Since 2000, the number of people living in extremely poor neighborhoods has doubled; neighborhoods of concentrated poverty are still disproportionately in the densest urban places.

Last week, the Joint Center on Housing Studies released its annual “State of the Nation’s Housing” report. While most of the report focuses on new housing construction, and the slow and uneven rebound in home prices in the wake of the collapse of the housing bubble, there’s some alarming data on the growth of concentrated poverty.

Being poor is hardship in itself. But growing up in a neighborhood where a large fraction of your peers are also poor has been shown to have devastating consequences for the lifetime prospects of children living in these neighborhoods. Growing up in concentrated poverty increases your exposure to and risk of becoming involved in crime, worsens your health, lowers your chances of marriage, and reduces your employment prospects and lifetime earnings.

As we’ve emphasized in our report Lost in Place, despite all of the attention that’s given to gentrification, the big story in urban neighborhood change is the steady, and much larger growth of neighborhoods of concentrated poverty. Our work looked at a 40 year period from 1970 to 2010, and noted that nearly all of the neighborhoods that were poor in 1970 were still poor four decades later.

The new JCHS study examines the change in concentrated poverty from 2000 through 2015. Nationally, the poverty rate increased significantly over this time period, a product of sluggish economic growth in most of the first decade of the millennium, growing income inequality and the devastating effects of the Great Recession. So it’s little surprise that the overall number of people in poverty–from 34 million in 2000 to 48 million in 2015–and the number of extremely poor neighborhoods increased over that time period.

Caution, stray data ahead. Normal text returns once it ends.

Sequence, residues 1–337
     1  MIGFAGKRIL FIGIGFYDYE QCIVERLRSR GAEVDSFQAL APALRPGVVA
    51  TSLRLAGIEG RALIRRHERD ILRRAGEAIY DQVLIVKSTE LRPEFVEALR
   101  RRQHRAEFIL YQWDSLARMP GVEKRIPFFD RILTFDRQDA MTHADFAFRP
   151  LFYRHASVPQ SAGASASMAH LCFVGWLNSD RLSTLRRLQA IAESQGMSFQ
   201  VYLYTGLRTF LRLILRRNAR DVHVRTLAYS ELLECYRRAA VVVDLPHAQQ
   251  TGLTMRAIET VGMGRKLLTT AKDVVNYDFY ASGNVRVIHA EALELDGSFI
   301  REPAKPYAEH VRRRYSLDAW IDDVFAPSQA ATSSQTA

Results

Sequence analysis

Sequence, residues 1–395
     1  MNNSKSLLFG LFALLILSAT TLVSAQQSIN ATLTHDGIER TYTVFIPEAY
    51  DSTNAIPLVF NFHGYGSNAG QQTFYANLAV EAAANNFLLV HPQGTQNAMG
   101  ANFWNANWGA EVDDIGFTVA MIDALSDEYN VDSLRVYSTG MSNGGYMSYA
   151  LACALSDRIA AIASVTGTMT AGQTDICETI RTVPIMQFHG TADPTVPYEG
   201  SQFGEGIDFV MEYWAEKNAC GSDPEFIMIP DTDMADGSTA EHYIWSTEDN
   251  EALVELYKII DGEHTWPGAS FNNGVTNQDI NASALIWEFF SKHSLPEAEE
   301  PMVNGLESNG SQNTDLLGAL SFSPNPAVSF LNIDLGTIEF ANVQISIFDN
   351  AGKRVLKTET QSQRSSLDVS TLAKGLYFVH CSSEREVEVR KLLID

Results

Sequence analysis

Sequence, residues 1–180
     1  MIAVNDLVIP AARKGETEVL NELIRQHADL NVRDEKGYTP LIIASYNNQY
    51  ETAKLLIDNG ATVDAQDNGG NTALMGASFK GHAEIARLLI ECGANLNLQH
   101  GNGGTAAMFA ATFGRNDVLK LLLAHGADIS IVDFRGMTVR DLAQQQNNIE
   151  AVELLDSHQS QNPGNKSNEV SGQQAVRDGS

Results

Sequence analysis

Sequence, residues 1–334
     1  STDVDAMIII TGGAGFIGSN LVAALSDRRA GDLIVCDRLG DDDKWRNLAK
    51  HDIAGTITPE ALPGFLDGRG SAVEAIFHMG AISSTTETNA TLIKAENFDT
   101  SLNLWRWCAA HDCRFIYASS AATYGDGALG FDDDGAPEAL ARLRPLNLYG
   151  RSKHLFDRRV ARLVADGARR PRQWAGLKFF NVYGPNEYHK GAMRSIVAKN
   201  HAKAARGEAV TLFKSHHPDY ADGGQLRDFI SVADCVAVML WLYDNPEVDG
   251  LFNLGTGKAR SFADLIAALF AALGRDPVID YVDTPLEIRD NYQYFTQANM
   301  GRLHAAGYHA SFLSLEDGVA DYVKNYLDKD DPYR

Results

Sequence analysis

The JCHS data show that concentrated poverty increased even faster.  The number of poor people living in neighborhoods of concentrated poverty in metropolitan areas more than doubled between 2000 and 2015, from 2.7 million to more than 5.4 million JCHS uses a 40 percent threshold as their definition of extreme poverty (at least 40 percent of the households living in a census tract have incomes lower than the federal poverty line.  The number of neighborhoods with poverty rates in excess of 40 percent in metro areas also nearly doubled, from about 1,800 to more than 3,500.

Concentrated poverty is disproportionately found in dense city neighobrhoods

The JCHS study provides a useful geographic disaggregation of the location of high poverty neighborhoods.  For each US metropolitan area, they divide the census tracts that compose that metro area into three groups, based on density, and then tabulate the poverty rate for each of these three groups.

The data are shown here.  (We’ve excluded the data for non-metropolitan areas, and presented our own calculations, based on the JCHS data, to show the share of the number of poor persons living in each of the three density categories).

Almost three-fifths of all of the persons living in neighborhoods of concentrated poverty live in the densest one-third of all of the nation’s metropolitan census tracts.  Although the share of the poor living in these dense areas has declined slightly (from about two-thirds to about three-fifths), the densest neighborhoods are still about twice as likely as medium density neighborhoods to have concentrated poverty; and are about five times as likely to have concentrated poverty as the least dense urban neighborhoods.

Its still very much the case that poverty rates are much higher closer to city centers than at the urban periphery. Luke Juday’s summary of the data for the 50 largest US metro areas makes it clear how strong this pattern is, and how little it has changed over the past 25 years. The poverty rate within 5 miles of the center of large metro areas (which are almost always the densest neighborhoods) are more than double, on average, the poverty rates 15 or more miles away from the center. (The orange line is poverty rate in 1990, the purple and blue lines show 2012 and 2015 respectively).

While it is true that poverty is growing faster in suburbs (in the aggregate) than in cities, it is still the case that poverty rates are much higher, and the incidence of concentrated poverty is much more common in cities than in suburbs. In addition, aggregated data about suburban poverty masks the fact that suburban poverty is itself concentrated in older, inner ring suburbs, and not distributed evenly in all suburbs. As we’ve pointed out before, there’s precious little evidence for claims of a Paris-style inversion where the rich live disproportionately in cities while the poor live in suburbs.